Need-to-Know PSAT Guide


Image courtesy of UWorld College Prep

Jasmine Porter, Staff Writer

The Preliminary Scholastic Aptitude Test, better known as the abbreviated PSAT, is not one, but rather a series of tests commonly administered to high schoolers. Not to be confused with the notorious SAT, the PSAT 8/9, PSAT 10, and PSAT/NMSQT are all exams that fall under the PSAT umbrella term. Although the three College Board issued tests are similar, each assessing a student’s knowledge of standard grade-level subjects, there exist stark differences between them. 

The PSAT 8/9 is perhaps the least complex test across the PSATs, primarily due to its status as one to be taken by 8th and 9th graders. Scored from 240-1440 and administered to Warren Township High School freshmen in April, the exam consists of three sections: math, reading, and writing. The math portion contains 38 total questions that cover the Heart of Algebra, Problem Solving and Data Analysis, and Passport to Advanced Math. It is further divided into a calculator and no calculator section, both to be completed within an hour. The passage-based reading and writing sections contain 42 and 40 multiple choice questions, respectively. 55 minutes are allotted for the former, 30 on the latter.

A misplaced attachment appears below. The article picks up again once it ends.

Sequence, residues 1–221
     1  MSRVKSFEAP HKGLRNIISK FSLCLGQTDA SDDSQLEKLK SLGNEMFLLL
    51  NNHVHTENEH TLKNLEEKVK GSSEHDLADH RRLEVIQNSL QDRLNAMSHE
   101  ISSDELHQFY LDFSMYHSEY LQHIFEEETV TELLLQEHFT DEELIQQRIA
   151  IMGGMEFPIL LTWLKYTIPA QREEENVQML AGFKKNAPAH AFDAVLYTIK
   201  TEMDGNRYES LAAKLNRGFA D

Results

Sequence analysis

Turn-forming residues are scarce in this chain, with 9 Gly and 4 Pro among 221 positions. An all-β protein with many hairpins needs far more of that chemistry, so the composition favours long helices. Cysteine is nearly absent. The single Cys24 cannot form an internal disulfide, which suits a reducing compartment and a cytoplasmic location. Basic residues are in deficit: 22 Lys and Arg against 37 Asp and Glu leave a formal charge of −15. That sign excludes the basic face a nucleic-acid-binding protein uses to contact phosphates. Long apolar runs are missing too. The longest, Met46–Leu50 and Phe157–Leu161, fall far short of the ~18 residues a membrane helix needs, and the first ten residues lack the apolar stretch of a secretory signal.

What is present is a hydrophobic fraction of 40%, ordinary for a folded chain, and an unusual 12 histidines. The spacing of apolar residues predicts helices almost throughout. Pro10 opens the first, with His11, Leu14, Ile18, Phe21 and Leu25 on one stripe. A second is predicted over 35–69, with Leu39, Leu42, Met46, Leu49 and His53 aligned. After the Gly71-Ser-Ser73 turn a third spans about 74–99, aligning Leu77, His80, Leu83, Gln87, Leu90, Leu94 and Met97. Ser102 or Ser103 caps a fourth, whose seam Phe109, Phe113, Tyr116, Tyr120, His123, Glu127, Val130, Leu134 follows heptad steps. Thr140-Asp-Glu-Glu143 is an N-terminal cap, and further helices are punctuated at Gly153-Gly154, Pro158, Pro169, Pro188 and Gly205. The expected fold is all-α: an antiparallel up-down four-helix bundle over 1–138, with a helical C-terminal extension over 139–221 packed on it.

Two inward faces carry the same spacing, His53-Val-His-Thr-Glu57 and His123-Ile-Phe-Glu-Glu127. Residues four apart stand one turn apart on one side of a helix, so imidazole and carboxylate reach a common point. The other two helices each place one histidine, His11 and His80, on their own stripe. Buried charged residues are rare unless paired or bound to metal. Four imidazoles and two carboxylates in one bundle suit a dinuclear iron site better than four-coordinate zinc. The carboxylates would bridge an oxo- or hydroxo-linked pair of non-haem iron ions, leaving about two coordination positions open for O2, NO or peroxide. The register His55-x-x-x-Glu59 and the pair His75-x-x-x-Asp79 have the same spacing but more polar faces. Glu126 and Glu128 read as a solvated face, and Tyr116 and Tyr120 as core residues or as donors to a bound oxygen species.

The PSAT 10 is the exam commonly taken by students during 10th grade, hence its name. Nearly identical to the PSAT/NMSQT, the test is scored from 320-1520 and contains the same three sections as the PSAT 8/9. It would appear that the only difference lies in their purpose. Intended for juniors, the PSAT/NMSQT is the preliminary SAT that has the potential to allow students to qualify for the National Merit Scholarship Program, granted they score within the top 1% of all test takers within their region. The PSAT 10 is used as a means of preparation for the test. Although sophomores can take the PSAT/NMSQT, they cannot qualify for the competition, regardless of their score. Both exams are two hours and 45 minutes long with 139 questions (47 reading, 44 writing, and 48 math). Similarly to the PSAT 8/9, the PSAT 10 is also administered in April at Warren Township High School. Conversely, the PSAT/NMSQT occurs in October.  

In summary, the PSAT is a collection of three tests intended to test a student’s college readiness and preparedness for the SAT. The PSAT 8/9 and 10 are essentially used for practice, whereas the PSAT/NMSQT allows for scholarship qualification. These exams, although often overshadowed by the SAT, are still significant portions of high school standardized testing and should be viewed by students as such.